Gold prices slipped from a 14-month high after an agreement between the U.S. and Mexico appeared to avert a trade war, reducing demand for the yellow metal as investors became less risk averse.
Comex gold and silver futures dipped on the headlines. August Gold futures sitting at $1,333.3, off $12.4 at the time of this report and August Silver is at $14.770, down 0.295.
However, several bullish factors still support gold, keeping it near its highest level since April 2018, despite a stronger Dollar Index. In fact, after dropping about $10 when the market opened yesterday, spot gold has plateaued around $1230. The supporting factors include growing tensions between the U.S. and China and speculation that the U.S. Federal Reserve will cut interest rates. The CME FedWatch Tool is citing an 82% chance that the Fed will ease the interest rates in their July meeting.
China boosted its gold purchases for the sixth consecutive month in May, taking its total to 1,916 tons, the Financial Times reported. The People’s Bank of China bought 15.6 tons of the metal last month, it said, citing the central bank. That brings purchases to 74 tons since the end of November, when the country began ramping up, the FT said, citing Refinitiv data. The value of the reserves has risen to $79.8 billion.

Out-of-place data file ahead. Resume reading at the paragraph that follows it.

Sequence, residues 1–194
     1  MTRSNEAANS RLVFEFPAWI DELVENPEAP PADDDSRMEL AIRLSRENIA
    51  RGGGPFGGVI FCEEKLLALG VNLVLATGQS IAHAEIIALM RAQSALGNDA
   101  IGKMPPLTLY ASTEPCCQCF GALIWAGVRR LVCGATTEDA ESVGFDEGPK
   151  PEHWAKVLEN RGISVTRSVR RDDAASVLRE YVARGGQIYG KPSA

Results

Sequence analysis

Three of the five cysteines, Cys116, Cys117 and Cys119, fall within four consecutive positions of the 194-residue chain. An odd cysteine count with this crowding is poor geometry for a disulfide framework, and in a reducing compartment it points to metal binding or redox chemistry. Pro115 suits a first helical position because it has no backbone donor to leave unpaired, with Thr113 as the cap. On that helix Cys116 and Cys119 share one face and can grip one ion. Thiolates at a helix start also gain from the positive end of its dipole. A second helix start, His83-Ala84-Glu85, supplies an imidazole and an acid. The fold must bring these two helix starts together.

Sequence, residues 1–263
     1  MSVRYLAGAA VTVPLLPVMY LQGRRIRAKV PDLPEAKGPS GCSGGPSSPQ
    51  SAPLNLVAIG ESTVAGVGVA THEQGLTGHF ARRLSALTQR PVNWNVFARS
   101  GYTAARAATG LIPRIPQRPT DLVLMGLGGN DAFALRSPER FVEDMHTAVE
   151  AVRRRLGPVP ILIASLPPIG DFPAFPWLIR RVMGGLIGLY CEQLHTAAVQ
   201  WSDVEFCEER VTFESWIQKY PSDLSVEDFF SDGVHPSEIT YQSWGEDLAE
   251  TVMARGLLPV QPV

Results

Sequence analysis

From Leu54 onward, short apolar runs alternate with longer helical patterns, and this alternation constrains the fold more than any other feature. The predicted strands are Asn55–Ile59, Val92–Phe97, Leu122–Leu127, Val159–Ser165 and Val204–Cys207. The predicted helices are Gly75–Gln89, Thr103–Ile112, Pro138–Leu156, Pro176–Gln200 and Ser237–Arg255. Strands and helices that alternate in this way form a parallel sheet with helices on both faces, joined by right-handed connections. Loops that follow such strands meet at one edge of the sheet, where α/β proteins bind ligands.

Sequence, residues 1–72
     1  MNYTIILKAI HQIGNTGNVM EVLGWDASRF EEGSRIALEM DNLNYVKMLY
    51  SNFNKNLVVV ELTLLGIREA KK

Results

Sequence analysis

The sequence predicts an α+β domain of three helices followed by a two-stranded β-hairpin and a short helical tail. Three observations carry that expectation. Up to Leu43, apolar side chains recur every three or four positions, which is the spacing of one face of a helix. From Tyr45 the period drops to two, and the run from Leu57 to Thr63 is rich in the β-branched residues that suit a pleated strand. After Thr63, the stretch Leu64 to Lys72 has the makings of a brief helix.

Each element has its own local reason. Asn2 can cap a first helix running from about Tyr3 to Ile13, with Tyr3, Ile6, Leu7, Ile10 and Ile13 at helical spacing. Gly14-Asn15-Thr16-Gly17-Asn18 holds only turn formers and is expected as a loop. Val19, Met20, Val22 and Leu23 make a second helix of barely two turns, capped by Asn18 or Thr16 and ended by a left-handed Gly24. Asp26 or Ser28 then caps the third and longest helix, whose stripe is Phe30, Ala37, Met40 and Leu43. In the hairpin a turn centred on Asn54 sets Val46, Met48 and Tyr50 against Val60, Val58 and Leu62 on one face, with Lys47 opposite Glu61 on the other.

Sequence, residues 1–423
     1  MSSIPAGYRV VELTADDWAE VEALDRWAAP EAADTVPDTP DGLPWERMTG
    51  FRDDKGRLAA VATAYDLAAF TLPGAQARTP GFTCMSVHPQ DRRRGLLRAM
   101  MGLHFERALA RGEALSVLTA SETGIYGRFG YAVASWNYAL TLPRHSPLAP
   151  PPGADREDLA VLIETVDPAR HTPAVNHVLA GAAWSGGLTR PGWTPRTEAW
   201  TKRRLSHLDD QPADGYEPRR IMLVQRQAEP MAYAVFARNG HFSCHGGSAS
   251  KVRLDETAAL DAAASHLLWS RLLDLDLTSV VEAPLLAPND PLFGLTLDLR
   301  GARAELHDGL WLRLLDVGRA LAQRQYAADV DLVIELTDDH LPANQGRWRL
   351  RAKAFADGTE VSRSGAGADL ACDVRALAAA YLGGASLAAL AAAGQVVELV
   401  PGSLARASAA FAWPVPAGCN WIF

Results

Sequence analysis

The worsening trade dispute between the U.S. and China dominated a meeting of Group of 20 finance ministers and central bank governors over the weekend in Japan. In the final communique, policymakers said they “will continue to address risks and stand ready to take further action” amid “intensifying” tensions on global trade and geopolitics.
Overall Chinese imports dropped by 8.5% in May from a year earlier, according customs data released Monday. It was the sharpest decrease since July 2016 and much steeper than the 3.8% forecast by analysts, Reuters reported. Exports rose 1.1%, bucking expectations of a decline, but shipments to the U.S. fell for a second month.
Meanwhile, South Africa has lost its status as the continent’s biggest gold producer to Ghana because output is shrinking amid high costs, regular strikes and the challenges of extraction from the world’s deepest mines, according to Bloomberg. And Barrick Gold Corp. and Newmont Goldcorp Corp. are trying to lure back general investors who abandoned the gold sector years ago.
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